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Curious, what sort of hands is everyone working with? (Read 1511 times)

Offline virtuoso80

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Curious, what sort of hands is everyone working with?
« on: January 14, 2019, 07:31:15 AM »
I was recently lamenting that my fingers could not be just a bit longer, thus facilitating significantly greater ease with certain pieces. Although I suppose I can't complain about having especially small hands, I also can't help but realize that another few millimeters would be a major coup. So, I was curious to see what kind of hands everyone else here was working with (especially curious if I have larger palms and shorter fingers than many).

I can span some 10ths, can just barely stretch out those intro chords in Rach 2, but with discomfort. A quick measure gives right around 9in span, with my palm about 3.75in wide, with middle finger about 4 1/8in tip to knuckle measured on the back of the hand.

Offline perfect_pitch

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Re: Curious, what sort of hands is everyone working with?
«Reply #1 on: January 14, 2019, 02:07:32 PM »
Without measuring (as I'm not that interested in knowing the exact measurements of my hands), but I can just reach a 10th with both hands, better with my left than my right hand, but I struggle with both.

So far it hasn't stopped me from learning parts of Rachmaninoff's 3rd Piano Concerto, but some of those chunky chord passages are a pain in the arse for someone with small hands.

Offline lostinidlewonder

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Re: Curious, what sort of hands is everyone working with?
«Reply #2 on: January 14, 2019, 03:18:57 PM »
10th are no problems even though I'm slightly on the edge of the keys, done it for so many years like that it just feels normal. You can always very quickly roll large chords that you can't reach, most people don't even notice it if you get fast enough. There are also reduced sized keyboards you can put into pianos though I don't like them personally.

Much worse is if your fingers cannot fit inbetween black keys.
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Offline outin

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Re: Curious, what sort of hands is everyone working with?
«Reply #3 on: January 14, 2019, 05:44:27 PM »
Sigh...I would only need about 1 cm to be able to play proper RH OCTAVES. But it's do damn hard to grow your hands in adulthood...The problem is mainly caused by the shape of my thumbs, I cannot straighten it from the upper joint.My left is just a little bit better so octaves are not a problem there.

I have a very slim hand and while my fingers are long in proportion, some more width in the palm would certainly make  playing easier. In fact shorter fingers would sometimes be easier to handle, I often end up clashing with the fallboard.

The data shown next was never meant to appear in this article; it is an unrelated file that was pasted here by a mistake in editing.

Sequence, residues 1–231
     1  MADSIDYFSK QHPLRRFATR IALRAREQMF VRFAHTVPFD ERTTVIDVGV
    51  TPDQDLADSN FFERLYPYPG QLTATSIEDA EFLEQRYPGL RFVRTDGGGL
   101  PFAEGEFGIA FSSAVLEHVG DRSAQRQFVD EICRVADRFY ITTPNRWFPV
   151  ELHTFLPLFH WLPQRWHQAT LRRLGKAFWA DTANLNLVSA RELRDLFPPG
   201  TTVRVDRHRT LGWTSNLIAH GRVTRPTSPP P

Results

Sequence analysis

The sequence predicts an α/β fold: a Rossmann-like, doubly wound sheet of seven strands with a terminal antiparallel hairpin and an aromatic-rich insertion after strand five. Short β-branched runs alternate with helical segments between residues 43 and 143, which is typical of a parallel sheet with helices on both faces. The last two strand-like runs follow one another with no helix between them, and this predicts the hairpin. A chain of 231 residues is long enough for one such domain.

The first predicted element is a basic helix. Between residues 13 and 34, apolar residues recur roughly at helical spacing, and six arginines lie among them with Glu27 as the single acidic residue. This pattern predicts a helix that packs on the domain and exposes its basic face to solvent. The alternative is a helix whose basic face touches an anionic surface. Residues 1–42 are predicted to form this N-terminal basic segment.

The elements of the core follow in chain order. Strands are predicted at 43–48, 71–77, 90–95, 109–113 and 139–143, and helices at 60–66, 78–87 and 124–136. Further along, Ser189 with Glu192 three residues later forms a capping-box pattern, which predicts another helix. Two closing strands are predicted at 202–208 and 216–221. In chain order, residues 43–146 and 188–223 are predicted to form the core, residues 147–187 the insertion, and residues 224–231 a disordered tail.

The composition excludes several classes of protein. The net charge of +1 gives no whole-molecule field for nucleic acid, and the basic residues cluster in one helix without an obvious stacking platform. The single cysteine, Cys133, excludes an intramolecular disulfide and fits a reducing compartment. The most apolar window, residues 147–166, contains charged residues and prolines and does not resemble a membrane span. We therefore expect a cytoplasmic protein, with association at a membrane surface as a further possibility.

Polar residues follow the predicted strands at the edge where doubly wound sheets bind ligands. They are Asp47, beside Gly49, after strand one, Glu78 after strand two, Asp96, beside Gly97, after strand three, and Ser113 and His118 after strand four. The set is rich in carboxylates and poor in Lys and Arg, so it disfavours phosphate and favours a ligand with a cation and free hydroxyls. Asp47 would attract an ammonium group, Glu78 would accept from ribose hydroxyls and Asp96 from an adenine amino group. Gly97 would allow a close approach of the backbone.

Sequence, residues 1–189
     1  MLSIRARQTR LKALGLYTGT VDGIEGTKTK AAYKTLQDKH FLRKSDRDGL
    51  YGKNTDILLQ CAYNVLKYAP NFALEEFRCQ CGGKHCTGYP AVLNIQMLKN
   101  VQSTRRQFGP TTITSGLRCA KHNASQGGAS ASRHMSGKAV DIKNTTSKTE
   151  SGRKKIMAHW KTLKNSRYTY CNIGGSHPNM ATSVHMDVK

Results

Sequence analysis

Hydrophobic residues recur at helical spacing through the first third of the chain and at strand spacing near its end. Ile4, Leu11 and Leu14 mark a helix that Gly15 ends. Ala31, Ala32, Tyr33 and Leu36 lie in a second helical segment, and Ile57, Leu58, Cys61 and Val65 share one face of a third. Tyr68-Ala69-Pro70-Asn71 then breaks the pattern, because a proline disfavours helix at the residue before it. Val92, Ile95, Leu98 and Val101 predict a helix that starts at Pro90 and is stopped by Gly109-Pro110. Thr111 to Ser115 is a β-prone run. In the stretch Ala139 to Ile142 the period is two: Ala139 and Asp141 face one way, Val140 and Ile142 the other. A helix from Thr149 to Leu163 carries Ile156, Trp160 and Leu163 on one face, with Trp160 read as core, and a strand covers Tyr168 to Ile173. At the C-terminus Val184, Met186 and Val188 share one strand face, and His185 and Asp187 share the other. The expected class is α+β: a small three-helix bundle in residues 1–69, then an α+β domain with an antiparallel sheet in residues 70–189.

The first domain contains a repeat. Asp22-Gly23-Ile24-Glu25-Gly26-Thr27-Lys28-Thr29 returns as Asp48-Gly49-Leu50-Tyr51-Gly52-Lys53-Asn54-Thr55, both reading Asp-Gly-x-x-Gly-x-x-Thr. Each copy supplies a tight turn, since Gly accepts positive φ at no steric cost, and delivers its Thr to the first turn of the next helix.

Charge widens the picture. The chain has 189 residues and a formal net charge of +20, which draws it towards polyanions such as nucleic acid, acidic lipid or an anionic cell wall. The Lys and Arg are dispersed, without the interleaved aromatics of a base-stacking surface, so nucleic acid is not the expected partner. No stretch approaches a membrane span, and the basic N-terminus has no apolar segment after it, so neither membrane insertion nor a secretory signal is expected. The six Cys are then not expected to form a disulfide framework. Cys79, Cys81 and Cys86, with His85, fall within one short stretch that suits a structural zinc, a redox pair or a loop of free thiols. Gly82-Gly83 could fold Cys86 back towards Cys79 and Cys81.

Offline ted

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Re: Curious, what sort of hands is everyone working with?
«Reply #4 on: January 14, 2019, 08:38:07 PM »
Not especially large or remarkable, but capable of easy tenths except Db,Ab,Eb,Bb major, which are uncomfortable. My fingers are much closer to equal length than those of most people I know. I don't know if this is an advantage or not.

"When I was young they said, 'Ah, wait until you are old, then you'll see.' Well, now I am old, and I have seen nothing." - Erik Satie

Offline virtuoso80

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Re: Curious, what sort of hands is everyone working with?
«Reply #5 on: January 15, 2019, 01:14:12 AM »
I found this diagram: http://www-static.weddingbee.com/pics/278470/finger-length-variations.jpg    I'm right on the lower left corner of the red box, suggesting that I indeed have short fingers for my palm size. Thought others might be curious to see where they are as well.

Offline outin

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Re: Curious, what sort of hands is everyone working with?
«Reply #6 on: January 15, 2019, 06:11:34 AM »
x=1,09
Y=0,86
Still barely in the red area. Of course one should add the overall size to the variation when considering piano playing.

Offline louispodesta

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Re: Curious, what sort of hands is everyone working with?
«Reply #7 on: January 18, 2019, 12:11:07 AM »
I was recently lamenting that my fingers could not be just a bit longer, thus facilitating significantly greater ease with certain pieces. Although I suppose I can't complain about having especially small hands, I also can't help but realize that another few millimeters would be a major coup. So, I was curious to see what kind of hands everyone else here was working with (especially curious if I have larger palms and shorter fingers than many).